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Obsessive Compulsive Disorder (OCD)

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Obsessive Compulsive Disorder (OCD)

4 min read


OCD is caused by a chemical imbalance in the brain. If not treated in time, OCD may progress further and can lead to secondary depression.

Medically reviewed by

Dr. Sowmiya D

Published At December 28, 2018
Reviewed AtApril 18, 2024


Sometimes, it happens that some individuals feel their hands are dirty and not washed properly. So, they wash their hands twice. At times, they have negative thoughts and keep thinking about it repeatedly, or they check the door lock or gas two to three times. But then, they forget about it later and move ahead.

For some people, however, this kind of thinking or behavior becomes chronic and long-lasting and often increases with time. They are then said to be suffering from an illness called obsessive-compulsive disorder (OCD).

What Is OCD?

It is a common but debilitating disorder. It has a widespread prevalence of two to three percent in the general population. Both males and females can suffer from this illness. In this condition, the person can have recurrent, absurd, irrational, uncontrollable, anxiety-provoking thoughts or images. It usually leads to a compulsive act, and the anxiety related to thoughts and images settles with the compulsive acts.

For example, as mentioned, the person can have repeated thoughts of their hands being dirty (obsession). This can make them wash their hands repeatedly (compulsion). Otherwise, they will continue to feel anxious.

Thoughts and doubts that the door of the house is not locked properly can make them check it again and again.

Some people have a counting compulsion associated with illogical reasoning, like if one does not count till 10 before doing a certain act, or if they do not do a certain act like reading 10 times, then something bad will happen to their family members.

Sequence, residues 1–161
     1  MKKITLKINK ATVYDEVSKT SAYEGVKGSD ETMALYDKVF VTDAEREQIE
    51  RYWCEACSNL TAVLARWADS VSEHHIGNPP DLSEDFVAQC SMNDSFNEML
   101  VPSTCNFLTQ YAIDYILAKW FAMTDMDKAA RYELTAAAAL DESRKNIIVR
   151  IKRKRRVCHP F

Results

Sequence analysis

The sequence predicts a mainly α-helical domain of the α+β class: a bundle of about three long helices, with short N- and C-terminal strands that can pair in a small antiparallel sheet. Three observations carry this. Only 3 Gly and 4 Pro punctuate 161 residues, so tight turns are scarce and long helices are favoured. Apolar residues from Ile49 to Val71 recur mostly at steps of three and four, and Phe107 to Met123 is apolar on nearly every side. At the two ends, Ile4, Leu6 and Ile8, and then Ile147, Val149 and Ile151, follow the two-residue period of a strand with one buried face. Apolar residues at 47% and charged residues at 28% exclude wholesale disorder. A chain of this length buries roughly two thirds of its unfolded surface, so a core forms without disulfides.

What Are the Symptoms of OCD?


  • Fear of contamination (dirt, germs).

  • Doubts regarding locks, gas stoves, and switches.

  • Unwanted, taboo, and forbidden thoughts involving sex or religion.

  • An excessive concern for symmetry, order, and arrangement.

  • Aggressive or fear of performing some unwanted acts.


  • Cleaning - repeatedly washing hands, clothes, utensils, bathing for long hours.

  • Repeatedly checking locks, gas stoves, and switches.

  • Sorting and arranging household items or whatever is there in the vicinity.

  • Mental compulsions like counting in mind before doing or while doing any task.

What Causes OCD?

Genetics, heredity, and stressful life events can precipitate OCD or worsen it.

In the brain, there are various chemicals that control thoughts, mood, and behavior, like serotonin. Alteration of this chemical is said to be responsible for the alteration of thoughts and compulsive behavior.

What Are the Risk Factors?

The following variables may increase the likelihood of developing obsessive-compulsive disorder:

  • Family History: Having OCD-afflicted parents or other family members can increase the likelihood of developing the illness.

  • Stressful Occurrences in Life: The likelihood of developing the disorder may rise if one has experienced traumatic or stressful experiences.

  • Mental Illnesses: Other mental health conditions like tic disorders, depression, anxiety disorders, and substance misuse may be linked to OCD.

Who Is Affected by OCD?